Pillar to the Sky
Pandemic drought, skyrocketing oil prices, dwindling energy supplies and wars of water scarcity threaten the planet. Only four people can prevent global chaos.
Gary Morgan—a bri ...more
I really did not buy into this story. I don't like some of the author's assumption ...more
The major premise of the book i ...more
Strategically the connections between the setting, plot, and character arcs are strained. The character arcs follow the relationship between two main characters with a mentor figure supervising their work. A lot of the action happens as reflections or indirectly. For example, there is a build up of the relationship between the two main characters until page 94. They kiss for the first time on page 95, live together, get married and have a child by the end of ...more
The story: Two interns are working on a project together and they fall in love. The project is a space elevator and their dream captures the imagination of their professor and a financier. This thing gets built.
Any problems with this story? Well... it is straight forward. You know where this book is headed more or less and I thought tha ...more
This formula written thriller has all the required parts: incredibly wealthy man, brilliant and courageous women, one brilliant man, villains posing threats, and stream of situations threatening imminent disa ...more
I loved the idea of a tower to space. I personally enjoy space travel and topics related to it, so this book was one I thought I would enjoy. However, many scenes, especially the speeches and arguments were drawn out too long. The content too was also repeated several times over in these scenes, making reading tedious and boring.
Besides that, I think this book deserves 3/5 stars because it's closer to being really good than really bad. Most of the content in the book ...more
Pillar to the Sky is the story of the dream of several engineers and a visionary financial titan to build a ladder to space, which sounds far-fetched at first but becomes theoretically possible as the author goes into great depth expounding on all of the science in the book. In a way the book reminds me of Atlas Shrugged, by Ayn Rand, and Hank Reardon's battle with those who ...more
Conservative novelist Forstchen, who loves classical composer Constance Demby enough to mention her and her various albums 4 times during this sci-fi Icelandic saga-length tale, brings us a idyllic daydream about the human species getting its collective act together and aspiring to something besides being a "celewebrity " or having it...more
Is that a bad thing? Not really. Was this a good book? Well, I was entertained, but I didn't fly through it and it definitely wasn't a page-turner.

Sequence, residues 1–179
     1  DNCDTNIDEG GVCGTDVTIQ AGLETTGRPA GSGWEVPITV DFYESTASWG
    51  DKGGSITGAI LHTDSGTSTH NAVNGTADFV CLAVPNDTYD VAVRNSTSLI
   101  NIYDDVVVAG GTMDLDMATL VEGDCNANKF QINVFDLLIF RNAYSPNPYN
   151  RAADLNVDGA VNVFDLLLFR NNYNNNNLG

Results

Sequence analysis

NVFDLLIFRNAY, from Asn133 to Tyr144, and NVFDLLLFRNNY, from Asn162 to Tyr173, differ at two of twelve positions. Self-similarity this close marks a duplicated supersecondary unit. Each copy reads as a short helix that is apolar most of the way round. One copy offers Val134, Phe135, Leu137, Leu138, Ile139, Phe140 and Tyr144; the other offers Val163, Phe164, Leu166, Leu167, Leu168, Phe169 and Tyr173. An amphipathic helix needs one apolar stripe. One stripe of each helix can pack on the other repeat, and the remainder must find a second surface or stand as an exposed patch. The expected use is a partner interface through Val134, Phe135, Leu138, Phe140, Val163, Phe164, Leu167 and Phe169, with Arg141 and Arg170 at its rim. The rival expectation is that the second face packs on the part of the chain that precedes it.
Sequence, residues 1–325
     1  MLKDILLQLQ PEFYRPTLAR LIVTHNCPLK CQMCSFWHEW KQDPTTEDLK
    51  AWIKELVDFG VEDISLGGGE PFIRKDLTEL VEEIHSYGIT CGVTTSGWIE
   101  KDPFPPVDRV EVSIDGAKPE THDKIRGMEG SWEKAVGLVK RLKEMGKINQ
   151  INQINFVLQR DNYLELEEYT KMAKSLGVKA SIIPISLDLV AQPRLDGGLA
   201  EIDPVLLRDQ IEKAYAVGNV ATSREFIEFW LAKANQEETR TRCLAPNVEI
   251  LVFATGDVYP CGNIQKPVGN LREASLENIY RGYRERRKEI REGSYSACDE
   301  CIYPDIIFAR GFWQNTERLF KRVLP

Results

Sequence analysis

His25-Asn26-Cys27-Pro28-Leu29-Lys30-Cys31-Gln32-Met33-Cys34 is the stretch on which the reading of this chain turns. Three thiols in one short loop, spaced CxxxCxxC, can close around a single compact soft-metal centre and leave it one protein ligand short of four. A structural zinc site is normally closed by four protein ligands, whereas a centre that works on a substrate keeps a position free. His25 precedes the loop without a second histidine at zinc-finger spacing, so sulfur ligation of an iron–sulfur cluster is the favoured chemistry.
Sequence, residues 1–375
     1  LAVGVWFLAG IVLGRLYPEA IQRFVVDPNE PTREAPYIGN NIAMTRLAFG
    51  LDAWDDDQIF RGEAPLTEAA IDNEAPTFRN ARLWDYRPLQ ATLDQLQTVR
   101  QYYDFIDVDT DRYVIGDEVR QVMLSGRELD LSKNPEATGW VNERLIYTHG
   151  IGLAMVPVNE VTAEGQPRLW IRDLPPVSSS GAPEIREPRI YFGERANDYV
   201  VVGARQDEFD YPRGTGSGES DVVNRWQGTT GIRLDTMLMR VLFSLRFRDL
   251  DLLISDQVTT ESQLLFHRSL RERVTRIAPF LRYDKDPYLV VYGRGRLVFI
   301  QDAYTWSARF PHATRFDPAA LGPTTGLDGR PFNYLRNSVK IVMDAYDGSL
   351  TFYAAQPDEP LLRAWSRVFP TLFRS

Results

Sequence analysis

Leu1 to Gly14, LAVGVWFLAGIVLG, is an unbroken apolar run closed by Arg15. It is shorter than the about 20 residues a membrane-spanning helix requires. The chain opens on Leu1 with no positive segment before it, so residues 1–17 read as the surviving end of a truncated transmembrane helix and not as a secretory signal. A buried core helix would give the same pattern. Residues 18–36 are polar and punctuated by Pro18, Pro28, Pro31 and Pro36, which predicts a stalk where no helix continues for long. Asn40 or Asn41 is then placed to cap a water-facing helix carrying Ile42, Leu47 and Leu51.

Lots of interesting science, which I love. I didn't understand it all but that was OK. The promise of the end-goal was enough to keep my reading but there were very few pages that left me wanting more or compelling me to get one more page in before I turned in for the day. The characters were well written but not 100% gro ...more
Der Ton des Romans überwiegt durch Emotionen, da ist der erneute Aufbruch der Wissenschaft und Technologie aus einer dystopischen Trübnis, besonders als Beispiel des Niedergangs der NASA und deren Aufbruch im Laufe der Handlung, ab ...more
The author unashamedly admires the robber barons of 19th and 20th century, but for me the financial visionary in this book (Franklin Smith) is very different from real-life robber barons. Although he's a very sharp dealer, and (shall we say) aggressively manages the data he provides to his investors, he trea ...more
The book points how the private sector might be able to do this, but has the incredibly annoying habit of making clear references to real 21st century businessmen and celebrit ...more
However, there were a lot of weepy speeches and long nostalgic pages which I found a bit tedious, especially in the last third of the novel. The ...more
A science fiction novel that revolves around a seemingly fantastic concept – a space elevator that reaches from the equator to geosynchronous orbit and will help to solve many of the world’s problems. The technology is based on reasonable extrapolations of today’s science.
Description: The earth is beset by a range of seemingly unsolvable issues that spell future disaster – environmental crises abound, oil supplies are dwindling causing oil prices ...more
While reading William R. Forstchen’s Pillar to the Sky, I kept thinking this is what would have happened if, back in the 1960’s, NASA had commissioned Arthur C. Clarke and Robert A. Heinlein to co-write a story that would get Americans excited about space exploration… and then forgot to send it to an editor. Pillar to the Sky has an exciting premise and an appealing nostalgic feel, but it’s marred by some annoying ed ...more
The take home message concerned the idea of Disruptive Technologies and how in a Dystopian Society... all forces will converge to prevent innovation that relates to sustainable energy for the entire planet... which in turn would make fossil fuel based energy usage void. The reality is that the idea of money is strongly connected to the utilization of oil.
Where The Martian might have gotten mired in too many techy details for the non-engineer, Pillar tamps that down a bit. As a former 90s Engineering student, I can confirm that Forstchen got a lot right.
The technology idea is intriguing and reasonably backed up. The story dragged at times, though. I thought some of the characters were well developed... but, for no ultimate purpose.
I would have preferred this story to be squeezed in ...more
Forstchen is the author of more than forty boo ...more